San Mateo Daily Journal
May 14 2011 Home Local News State / National / World Sports Opinion / Letters
Words of wisdom on war May 14, 2011, 03:44 AM The Associated Press
Bertrand Russell, often considered among Britain’s leading philosophers and a recipient of the Nobel Prize for literature, felt he had to oppose World War II at the war’s outset. One of the things that makes me respect him so much is that he was so honest about talking about the conflict in his own feelings. Describing himself at that period, he said that, while he opposed war, “I desired the defeat of Germany as much as any retired colonel, and love of England is very nearly the strongest emotion I possess.”
One of my great uncles, Lt. Warren O. “Wedge” Grimm (March 9, 1888-Nov. 11, 1919), was born in Lewistown, Penn. An All-American at the University of Washington and an officer in the U.S. Army, he served with distinction as part of the American Expeditionary Force Siberia stationed in Russia in 1918-1919. He was assassinated Nov. 11, 1919, by members of the IWW (Wobblies) during the Centralia Massacre in Washington State.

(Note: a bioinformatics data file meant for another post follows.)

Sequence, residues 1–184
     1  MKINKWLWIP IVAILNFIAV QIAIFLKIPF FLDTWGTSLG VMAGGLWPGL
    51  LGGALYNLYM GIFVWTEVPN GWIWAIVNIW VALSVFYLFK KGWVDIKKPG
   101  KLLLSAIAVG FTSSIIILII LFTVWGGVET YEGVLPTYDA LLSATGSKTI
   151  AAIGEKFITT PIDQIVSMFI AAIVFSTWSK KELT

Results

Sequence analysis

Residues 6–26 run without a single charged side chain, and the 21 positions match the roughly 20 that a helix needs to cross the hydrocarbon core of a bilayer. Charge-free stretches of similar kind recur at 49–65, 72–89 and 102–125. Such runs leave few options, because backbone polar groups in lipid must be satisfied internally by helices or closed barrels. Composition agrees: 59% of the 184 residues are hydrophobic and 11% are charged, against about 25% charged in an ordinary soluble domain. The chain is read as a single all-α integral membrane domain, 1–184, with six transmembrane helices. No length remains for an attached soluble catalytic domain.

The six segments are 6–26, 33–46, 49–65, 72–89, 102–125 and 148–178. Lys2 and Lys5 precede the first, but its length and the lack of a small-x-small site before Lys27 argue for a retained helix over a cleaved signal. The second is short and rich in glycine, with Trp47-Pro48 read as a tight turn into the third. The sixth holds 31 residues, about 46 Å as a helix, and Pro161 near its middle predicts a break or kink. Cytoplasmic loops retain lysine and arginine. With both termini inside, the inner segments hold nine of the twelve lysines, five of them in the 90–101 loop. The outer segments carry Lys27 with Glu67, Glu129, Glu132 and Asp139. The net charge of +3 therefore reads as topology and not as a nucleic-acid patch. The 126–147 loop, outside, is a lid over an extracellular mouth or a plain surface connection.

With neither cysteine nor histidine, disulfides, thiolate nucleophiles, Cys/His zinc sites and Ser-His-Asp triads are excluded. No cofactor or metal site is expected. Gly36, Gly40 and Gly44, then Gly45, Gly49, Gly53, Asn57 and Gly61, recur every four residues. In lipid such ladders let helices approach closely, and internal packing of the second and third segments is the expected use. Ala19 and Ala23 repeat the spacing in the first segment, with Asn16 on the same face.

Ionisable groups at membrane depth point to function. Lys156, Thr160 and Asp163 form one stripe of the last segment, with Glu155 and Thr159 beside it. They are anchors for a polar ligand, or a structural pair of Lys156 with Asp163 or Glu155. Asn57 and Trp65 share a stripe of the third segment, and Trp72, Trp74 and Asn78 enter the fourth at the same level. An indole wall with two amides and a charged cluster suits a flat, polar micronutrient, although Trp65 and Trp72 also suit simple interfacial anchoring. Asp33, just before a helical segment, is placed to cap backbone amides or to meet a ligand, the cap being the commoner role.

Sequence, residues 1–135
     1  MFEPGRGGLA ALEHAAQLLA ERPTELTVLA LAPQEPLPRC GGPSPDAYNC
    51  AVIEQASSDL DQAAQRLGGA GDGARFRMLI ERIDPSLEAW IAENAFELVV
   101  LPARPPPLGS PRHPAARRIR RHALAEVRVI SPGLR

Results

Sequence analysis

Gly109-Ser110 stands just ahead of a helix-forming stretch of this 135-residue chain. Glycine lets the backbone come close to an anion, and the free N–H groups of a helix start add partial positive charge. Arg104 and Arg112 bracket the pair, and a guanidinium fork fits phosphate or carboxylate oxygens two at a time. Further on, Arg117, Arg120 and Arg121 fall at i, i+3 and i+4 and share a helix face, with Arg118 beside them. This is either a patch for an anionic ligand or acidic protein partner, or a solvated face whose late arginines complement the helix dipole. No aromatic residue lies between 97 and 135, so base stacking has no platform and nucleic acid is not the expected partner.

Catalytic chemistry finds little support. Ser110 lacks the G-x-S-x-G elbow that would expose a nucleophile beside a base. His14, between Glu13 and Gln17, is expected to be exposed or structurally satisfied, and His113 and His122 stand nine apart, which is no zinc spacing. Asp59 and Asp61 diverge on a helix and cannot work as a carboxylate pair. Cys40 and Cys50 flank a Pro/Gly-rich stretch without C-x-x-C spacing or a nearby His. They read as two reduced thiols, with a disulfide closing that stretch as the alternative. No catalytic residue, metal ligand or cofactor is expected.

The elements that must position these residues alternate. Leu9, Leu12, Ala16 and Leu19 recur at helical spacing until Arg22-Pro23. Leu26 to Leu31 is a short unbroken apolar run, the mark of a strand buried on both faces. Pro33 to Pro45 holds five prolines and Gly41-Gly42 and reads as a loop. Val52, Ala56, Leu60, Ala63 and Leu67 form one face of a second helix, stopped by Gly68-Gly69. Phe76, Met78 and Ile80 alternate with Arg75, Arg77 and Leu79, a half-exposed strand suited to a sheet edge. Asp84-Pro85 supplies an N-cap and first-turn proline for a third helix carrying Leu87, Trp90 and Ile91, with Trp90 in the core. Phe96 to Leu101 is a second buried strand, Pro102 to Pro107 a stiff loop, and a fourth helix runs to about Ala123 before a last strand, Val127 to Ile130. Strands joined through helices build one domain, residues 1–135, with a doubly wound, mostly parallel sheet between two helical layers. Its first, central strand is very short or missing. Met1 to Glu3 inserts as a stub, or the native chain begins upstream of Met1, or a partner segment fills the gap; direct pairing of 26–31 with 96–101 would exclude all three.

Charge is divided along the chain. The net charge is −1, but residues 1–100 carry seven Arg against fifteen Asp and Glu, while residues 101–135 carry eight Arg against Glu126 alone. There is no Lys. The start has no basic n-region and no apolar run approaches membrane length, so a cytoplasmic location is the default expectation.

Yet, when I think about the wars we’re engaged in today in Iraq and Afghanistan, there is nowhere that an American or anybody can go and see the toll of the war in this sense, especially since the great bulk of the casualties are Afghan and Iraqi civilians, as well as the American and allied troops who have died. Give them strength and give them wisdom. War is total waste, the most destructive total waste there is--in materials, in time, in lands, in people.
Ted Rudow III,MA